Yes, a lot of people do (rather inconsistently, as you indicate) hold the position you describe. But that people of faith hold a flawed position, and that one can poke holes in that flawed position, is not an argument against faith. Mac Donald is arguing against that particular straw man, as if that made religiosity somehow suspect altogether. I’d rather see her try to take on a more consistent and robust position, like Novak’s, for example. (She continues to deal with her caricature of the simple prayerful believer down the street, my grandmother, for example, rather than the serious religious thinker. Her response to Novak ignores his substantive points and focuses, once again, on my Oma.)

Erik,

Yes, absolutely, she doesn’t really understand natural law.

Well, you know Joe, in another thread I asked the following: So, if "natural rights" are not predicated on metaphysical assumptions, what ARE they predicated on? And please, don’t say "reason." This is basically an epistemological debate, and if you say "natural rights" are deduced from empiricism then you have reduced "natural rights" to science and sociobiology (which is ok with me, but it doesn’t leave any need for theology).

No one answered me on that thread. Would you care to now?

dain: It’s perfectly reasonably to ask why it make sense to say that people have natural rights. And "reason" in the abstract, you rightly add, is not a sufficient answer.

Yes, a lot of people do (rather inconsistently, as you indicate) hold the position you describe. But that people of faith hold a flawed position, and that one can poke holes in that flawed position, is not an argument against faith.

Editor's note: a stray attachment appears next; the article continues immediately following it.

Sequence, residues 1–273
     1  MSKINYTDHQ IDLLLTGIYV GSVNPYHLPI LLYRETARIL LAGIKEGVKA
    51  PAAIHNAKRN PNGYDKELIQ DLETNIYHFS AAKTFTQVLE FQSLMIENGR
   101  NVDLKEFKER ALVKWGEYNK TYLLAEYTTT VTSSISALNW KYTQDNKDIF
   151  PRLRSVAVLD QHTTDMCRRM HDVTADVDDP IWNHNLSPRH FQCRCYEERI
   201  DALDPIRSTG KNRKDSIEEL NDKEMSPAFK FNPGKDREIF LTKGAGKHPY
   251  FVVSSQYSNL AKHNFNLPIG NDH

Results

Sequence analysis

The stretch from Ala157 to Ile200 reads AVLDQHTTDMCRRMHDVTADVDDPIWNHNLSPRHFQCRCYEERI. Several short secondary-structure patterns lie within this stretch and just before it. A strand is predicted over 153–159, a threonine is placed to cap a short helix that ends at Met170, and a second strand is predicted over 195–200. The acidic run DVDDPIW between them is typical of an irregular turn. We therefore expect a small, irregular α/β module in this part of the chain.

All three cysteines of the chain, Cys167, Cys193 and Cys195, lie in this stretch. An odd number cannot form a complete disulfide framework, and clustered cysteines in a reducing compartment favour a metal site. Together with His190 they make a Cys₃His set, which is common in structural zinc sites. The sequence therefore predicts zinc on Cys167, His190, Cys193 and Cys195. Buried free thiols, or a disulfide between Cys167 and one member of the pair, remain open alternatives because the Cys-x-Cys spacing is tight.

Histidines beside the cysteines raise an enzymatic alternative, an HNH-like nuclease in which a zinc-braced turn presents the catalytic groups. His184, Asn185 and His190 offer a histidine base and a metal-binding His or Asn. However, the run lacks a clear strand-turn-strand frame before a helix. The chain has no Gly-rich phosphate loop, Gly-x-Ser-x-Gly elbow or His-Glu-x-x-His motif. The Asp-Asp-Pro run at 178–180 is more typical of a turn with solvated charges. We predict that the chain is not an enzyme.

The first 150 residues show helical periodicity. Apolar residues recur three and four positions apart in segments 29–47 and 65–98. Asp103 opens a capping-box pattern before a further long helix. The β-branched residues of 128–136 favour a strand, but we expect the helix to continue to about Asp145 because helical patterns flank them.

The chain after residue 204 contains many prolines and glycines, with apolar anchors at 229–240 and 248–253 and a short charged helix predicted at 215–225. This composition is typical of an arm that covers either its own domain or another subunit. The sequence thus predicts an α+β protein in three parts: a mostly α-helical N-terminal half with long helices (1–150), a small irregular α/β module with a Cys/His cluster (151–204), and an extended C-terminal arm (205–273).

No, but it is an argument against their faith, and "a lot of people" hardly does justice to the number. All the believers I ever met accept both of the following:


1. When good things happen, I thank God because I believe that He is a just and loving God.


2. When terrible things happen, I still believe that God is just and loving, but I cannot comprehend His love and justice in those circumstances.


Those two statements, together, capture the inconsistency that you acknowledge. You, Joe, say that you’re not entangled in it. So which of the above statements do you reject? 1 or 2?

David,

Think about this passage from St. Augustine’s City of God (IV.33):

[God] gives earthly kingdoms to the good or the evil so that his worshippers, who are still children as regard moral progress, may not desire these gifts from him as something great.

If I have faith that God is perfectly just, I also need humility not to measure his justice by my meager conception of it.

I’m not sure how that answers my question. Do you reject 1 or 2?

Why do I have to accept either one? Neither God’s love for me nor his justice is demonstrated by his giving me a trinket, bauble, or empire in this world. His failure to give me such things is not evidence of his injustice or hatred.

You don’t have to accept either one. You may reject both. But if you are to avoid the inconsistency that I described and you acknowledged, then you must reject at least one.


So, for the third time, which do you reject?

Evidently our "serious religious thinker" is stumped. Why am I not surprised?